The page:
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What are the symptoms of psychosis?
Psychosis is a ‘loss of contact with reality’. It typically refers to:
Hallucinations: Hearing seeing, tasting or smelling things that other people cannot. For example, hearing your name being called when there is no one there.
Unusual beliefs: You might strongly believe something that others don’t. For example, you may think that the government is spying on you, that people want to harm you, or that you have special powers.
Changes in thinking: Everyday thoughts can become confused, making sentences unclear or hard to understand. For example, you might have difficulty concentrating, following a conversation or remembering things. Thoughts can seem to speed up or slow down.
Changed feelings & behaviours: How you feel can change for no obvious reason. For example, you might feel strange or cut off from the world, you might experience mood swings or feel unusually excited or depressed. This may lead to you experiencing difficulties in everyday living. You may seem to feel less emotion or show less emotion to those around you and you may lose interest in things that you previously valued and enjoyed.
How common is psychosis?
Around 3% of people will experience a psychotic experience, of some kind, during their lifetime. Although an individual can experience a first episode of psychosis at any age, this typically occurs between the ages of 14 and 35.
What causes psychosis?
There is no single known cause of psychosis. It is probable that genetic, biological and environmental (social and psychological) factors all play a part. Each individual will likely have a different combination of these factors.
Psychosis can often be a response to things that happen in our lives, particularly traumatic or stressful events. These could include relationships, family difficulties, abuse or loss.
Using drugs such as Cannabis, Amphetamine, or other new psychoactive substances such as ‘Spice’ can increase your risk of developing psychosis.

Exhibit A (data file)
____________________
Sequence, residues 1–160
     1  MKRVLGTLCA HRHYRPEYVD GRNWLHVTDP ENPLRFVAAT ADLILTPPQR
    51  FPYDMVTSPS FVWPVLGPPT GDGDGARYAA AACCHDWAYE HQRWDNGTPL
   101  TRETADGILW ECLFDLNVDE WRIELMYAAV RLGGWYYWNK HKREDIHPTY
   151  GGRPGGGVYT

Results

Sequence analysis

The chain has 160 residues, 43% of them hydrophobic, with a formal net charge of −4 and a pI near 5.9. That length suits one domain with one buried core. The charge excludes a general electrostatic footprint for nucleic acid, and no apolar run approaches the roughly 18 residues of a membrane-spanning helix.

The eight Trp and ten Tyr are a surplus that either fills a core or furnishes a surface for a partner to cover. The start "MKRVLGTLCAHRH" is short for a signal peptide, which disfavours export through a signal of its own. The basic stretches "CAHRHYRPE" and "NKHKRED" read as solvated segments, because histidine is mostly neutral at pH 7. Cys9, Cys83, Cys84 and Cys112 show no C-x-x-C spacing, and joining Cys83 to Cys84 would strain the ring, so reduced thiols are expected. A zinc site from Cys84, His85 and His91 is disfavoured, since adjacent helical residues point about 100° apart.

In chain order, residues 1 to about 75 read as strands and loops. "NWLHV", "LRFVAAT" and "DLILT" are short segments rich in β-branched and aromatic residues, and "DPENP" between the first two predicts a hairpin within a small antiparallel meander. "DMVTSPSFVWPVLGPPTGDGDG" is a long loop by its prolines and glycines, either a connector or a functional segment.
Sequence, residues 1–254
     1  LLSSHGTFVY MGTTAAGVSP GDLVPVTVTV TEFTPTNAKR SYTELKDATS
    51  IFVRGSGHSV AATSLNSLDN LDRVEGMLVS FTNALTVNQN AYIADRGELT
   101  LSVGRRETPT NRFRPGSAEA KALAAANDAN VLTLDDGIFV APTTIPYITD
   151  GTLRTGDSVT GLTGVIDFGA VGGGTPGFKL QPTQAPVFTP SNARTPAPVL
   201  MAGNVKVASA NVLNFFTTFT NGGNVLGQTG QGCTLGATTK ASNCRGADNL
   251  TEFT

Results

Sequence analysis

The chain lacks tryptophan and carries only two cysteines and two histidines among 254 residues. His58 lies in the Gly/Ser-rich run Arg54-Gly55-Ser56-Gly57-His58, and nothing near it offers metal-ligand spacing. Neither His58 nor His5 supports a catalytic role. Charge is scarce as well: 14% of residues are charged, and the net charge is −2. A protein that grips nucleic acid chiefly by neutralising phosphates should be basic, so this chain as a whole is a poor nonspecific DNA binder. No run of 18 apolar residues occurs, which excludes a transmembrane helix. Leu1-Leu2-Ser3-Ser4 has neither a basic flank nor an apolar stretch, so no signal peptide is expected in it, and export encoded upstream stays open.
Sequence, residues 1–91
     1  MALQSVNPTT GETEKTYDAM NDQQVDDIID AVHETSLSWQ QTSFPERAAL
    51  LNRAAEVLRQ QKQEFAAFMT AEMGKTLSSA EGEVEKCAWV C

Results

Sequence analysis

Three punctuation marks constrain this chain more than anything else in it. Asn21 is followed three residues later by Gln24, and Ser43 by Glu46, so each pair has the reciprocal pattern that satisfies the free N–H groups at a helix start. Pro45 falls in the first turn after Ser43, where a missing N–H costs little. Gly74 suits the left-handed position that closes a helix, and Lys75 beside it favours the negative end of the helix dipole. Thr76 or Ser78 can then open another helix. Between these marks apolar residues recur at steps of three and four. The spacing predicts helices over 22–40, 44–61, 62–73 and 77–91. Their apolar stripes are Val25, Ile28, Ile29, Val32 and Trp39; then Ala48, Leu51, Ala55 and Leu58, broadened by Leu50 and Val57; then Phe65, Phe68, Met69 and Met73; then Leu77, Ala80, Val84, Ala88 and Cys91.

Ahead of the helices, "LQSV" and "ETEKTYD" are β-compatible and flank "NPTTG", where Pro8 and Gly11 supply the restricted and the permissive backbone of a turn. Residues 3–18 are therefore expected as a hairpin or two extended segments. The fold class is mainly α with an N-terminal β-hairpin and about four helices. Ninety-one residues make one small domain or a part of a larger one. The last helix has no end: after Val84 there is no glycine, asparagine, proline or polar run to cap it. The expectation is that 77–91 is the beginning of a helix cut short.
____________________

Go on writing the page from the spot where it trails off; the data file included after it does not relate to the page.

If you have a family member with psychosis, you are more likely to experience the condition. However, the majority of people with a close relative with psychosis, won’t experience psychosis themselves. Various brain chemicals may play a part in psychosis including Dopamine and Glutamate, and some of the causes and treatments of psychosis can influence these brain chemicals.
Life experiences are linked to how we experience and interpret the here and now (beliefs about self, world, and others), negative emotional stages, coping skills.
Increasingly we see the link between life events and psychosis, with our past experiences, affecting how we experience and interpret things that happen to us now. Psychosis can sometimes have an origin, past events can impact how you experience things that can happen in the here and now. For example, someone who is bullied as a child could develop beliefs that other people may be untrustworthy or likely to cause them harm. The way that you make sense of things and reach conclusions can also be affected by how you feel. For example, if you are feeling stressed or anxious the way that you view others or the world may be different in comparison to when you are feeling happy and relaxed.
The Stress Vulnerability Bucket
This bucket represents your ability to cope with stress. People who have a large capacity to cope with stress and are very resilient have a ‘large bucket’. the size of your bucket is down to a lot of things from your background, like being bullied or being abused as a child. the more of these issues from your background that you have, the smaller the bucket.